NO.6 – 03
「生と死と」 (Sei to Shi to)
“Life and Death”
NO.6 continues to be a solid, entertaining BONES effort despite not really hitting anything out of the park in three well-produced episodes.
I said last week (not without some disagreement) that the dialogue was somewhat awkward with this show. Well, to be honest I still don’t feel it’s a strength – but I’m beginning to settle into the comfort zone the series invites the viewer to share. This plays like a good YA story, and the dialogue tends towards stating the obvious and dramatic flourish over subtlety. But hey, that’s all right, and in some ways I think this could be viewed as a throwback series in terms of style. In fact, the anime feels very much like one that was produced at the time the first novel of this series was written – 1999. And I’ll give credit to BONES for being true to that.
There’s more than a little of the junior detective in this story, and Shion plays the protagonist role pretty well. Of course the hints laid out in regards to his appearance were confirmed here, as Rat finally noticed (just in time) the signs that Shion had been infected. It was time to return the favor for Shion’s little impromptu surgery in the premiere, except this time there was no anesthetic, and Rat cutting a pupal wasp out of Shion’s neck was one of more grisly moments in the series. When Shion awoke three days later his hair was white, and a ribbon scar ran up his torso to his face as a reminder of how close he came to death (and as an object for Rat to fondle tenderly).
While the underlying sci-fi plotline is a good one, it seems clear NO.6 will stand or fall on the relationship between the two boys at the heart of the story. The elements that made some uncomfortable are still here, but I choose to view them as genuine fraternal affection between two fundamentally lonely people. More importantly, the two make a nice contrast in terms of character. Shion is as naive as they come, though that’s already started chipping away as Rat doles out nuggets of the truth (as he sees it). Shion is analytical and forgiving, as witness his desire to try and find a way to use his own antibodies to save the city from what he sees an an impending annihilation at the hands of the parasitic wasps (translations aside, wasp makes more sense than bee from a behavioral standpoint). Rat, by contrast, seems to take genuine glee in the prospect of the residents of No. 6 screaming in terror as their lives are ripped from them. He even counsels Shion to forget his mother, though he secretly gets a message to her after Shion expresses concern over her worrying. He’s a lover of literature with decidedly old-fashioned tastes in human culture. Rat seems, if you’ll forgive the use of an overused term, tsundere towards the human race generally and Shion specifically.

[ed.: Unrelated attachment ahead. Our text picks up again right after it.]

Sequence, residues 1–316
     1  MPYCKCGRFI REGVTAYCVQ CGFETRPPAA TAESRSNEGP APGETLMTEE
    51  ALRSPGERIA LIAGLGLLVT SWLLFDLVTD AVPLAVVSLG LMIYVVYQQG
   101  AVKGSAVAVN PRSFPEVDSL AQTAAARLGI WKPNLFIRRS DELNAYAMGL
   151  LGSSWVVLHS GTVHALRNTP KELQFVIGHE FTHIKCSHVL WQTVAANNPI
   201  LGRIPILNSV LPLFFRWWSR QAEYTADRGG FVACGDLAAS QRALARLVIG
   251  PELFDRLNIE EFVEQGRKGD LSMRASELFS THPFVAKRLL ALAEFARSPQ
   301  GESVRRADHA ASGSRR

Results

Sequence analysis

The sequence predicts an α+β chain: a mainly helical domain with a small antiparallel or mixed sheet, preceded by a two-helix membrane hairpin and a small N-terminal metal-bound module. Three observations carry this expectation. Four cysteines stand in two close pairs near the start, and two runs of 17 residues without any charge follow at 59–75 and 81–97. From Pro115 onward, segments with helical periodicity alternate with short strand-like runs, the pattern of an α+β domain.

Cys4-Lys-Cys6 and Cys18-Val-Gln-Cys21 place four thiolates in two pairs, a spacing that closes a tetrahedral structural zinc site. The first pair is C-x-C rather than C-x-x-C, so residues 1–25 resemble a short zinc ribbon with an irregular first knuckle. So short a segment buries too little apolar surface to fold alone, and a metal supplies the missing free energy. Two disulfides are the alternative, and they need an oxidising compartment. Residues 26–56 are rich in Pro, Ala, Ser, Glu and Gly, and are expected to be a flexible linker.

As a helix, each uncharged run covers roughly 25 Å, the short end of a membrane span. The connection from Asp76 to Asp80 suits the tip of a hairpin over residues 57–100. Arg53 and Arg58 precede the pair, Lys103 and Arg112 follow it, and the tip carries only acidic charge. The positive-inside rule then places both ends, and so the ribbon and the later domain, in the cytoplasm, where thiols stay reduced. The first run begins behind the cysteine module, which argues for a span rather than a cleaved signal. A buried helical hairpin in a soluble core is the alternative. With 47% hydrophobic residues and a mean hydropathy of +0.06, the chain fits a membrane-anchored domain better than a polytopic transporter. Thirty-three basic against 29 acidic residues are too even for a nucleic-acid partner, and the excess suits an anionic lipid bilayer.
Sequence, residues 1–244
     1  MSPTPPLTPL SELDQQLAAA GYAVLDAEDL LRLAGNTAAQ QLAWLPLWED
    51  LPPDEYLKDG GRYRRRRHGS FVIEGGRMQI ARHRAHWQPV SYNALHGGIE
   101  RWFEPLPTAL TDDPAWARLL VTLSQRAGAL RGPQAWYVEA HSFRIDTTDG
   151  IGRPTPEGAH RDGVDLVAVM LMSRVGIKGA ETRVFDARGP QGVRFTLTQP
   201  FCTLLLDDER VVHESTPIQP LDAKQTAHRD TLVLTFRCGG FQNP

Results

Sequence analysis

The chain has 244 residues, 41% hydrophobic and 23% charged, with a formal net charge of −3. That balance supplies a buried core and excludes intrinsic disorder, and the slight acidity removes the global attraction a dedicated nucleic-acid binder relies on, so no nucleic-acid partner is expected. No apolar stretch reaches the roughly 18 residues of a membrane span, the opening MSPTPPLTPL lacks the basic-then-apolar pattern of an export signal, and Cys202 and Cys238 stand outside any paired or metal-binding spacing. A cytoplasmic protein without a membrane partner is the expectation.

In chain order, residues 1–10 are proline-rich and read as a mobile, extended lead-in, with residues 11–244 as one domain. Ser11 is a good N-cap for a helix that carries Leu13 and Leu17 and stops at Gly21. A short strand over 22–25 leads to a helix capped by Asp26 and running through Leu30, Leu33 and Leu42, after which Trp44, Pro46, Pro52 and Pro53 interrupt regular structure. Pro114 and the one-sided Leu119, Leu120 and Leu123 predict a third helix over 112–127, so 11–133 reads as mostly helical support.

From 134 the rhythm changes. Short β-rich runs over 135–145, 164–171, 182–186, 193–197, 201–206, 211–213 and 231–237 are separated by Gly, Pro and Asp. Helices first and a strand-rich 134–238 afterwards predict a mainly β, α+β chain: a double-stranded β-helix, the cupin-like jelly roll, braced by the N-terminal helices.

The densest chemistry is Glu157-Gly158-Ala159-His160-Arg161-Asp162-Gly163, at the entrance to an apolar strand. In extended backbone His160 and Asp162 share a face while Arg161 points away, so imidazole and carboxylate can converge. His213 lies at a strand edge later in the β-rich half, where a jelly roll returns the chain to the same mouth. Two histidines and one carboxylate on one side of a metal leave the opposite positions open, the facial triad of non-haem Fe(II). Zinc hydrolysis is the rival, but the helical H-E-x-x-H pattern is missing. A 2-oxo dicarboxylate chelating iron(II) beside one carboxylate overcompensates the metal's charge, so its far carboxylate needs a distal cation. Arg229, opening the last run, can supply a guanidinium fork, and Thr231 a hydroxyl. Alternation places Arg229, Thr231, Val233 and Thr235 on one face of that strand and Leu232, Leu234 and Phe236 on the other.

Of course, what Shion – and we – don’t know yet are the reasons why Rat hates No. 6 so much, and it appears we’ll find those out next week. Several nice seeds were sown in this ep, not least of which is the coming conflict between the boys about helping the city. We also met one new character, Inukashi – known as Dogkeeper (Shindou Kei), with the promise of more next week. Dogkeeper runs a “hotel” where she lets the desperate souls of the West District sleep with only the warmth of a rented dog (interesting entrepreneurial notion) to stave off freezing. She’s an information trafficker too, and from the looks of things an uneasy ally/rival of Rat’s.
I suspect this show is not going to work for everybody. It’s decidedly retro and rather self-serious, with only occasional moments of levity (such as Shion throwing water in Rat’s face, mistaking his laughter for a fit). This is one of those series where suspension of disbelief is necessary, not just because it’s a rather grand fiction but because the characters behave as if they’re part of one. It’s working for me, though, and if you can switch off the cynicism enough to embrace it I think you’ll enjoy the ride.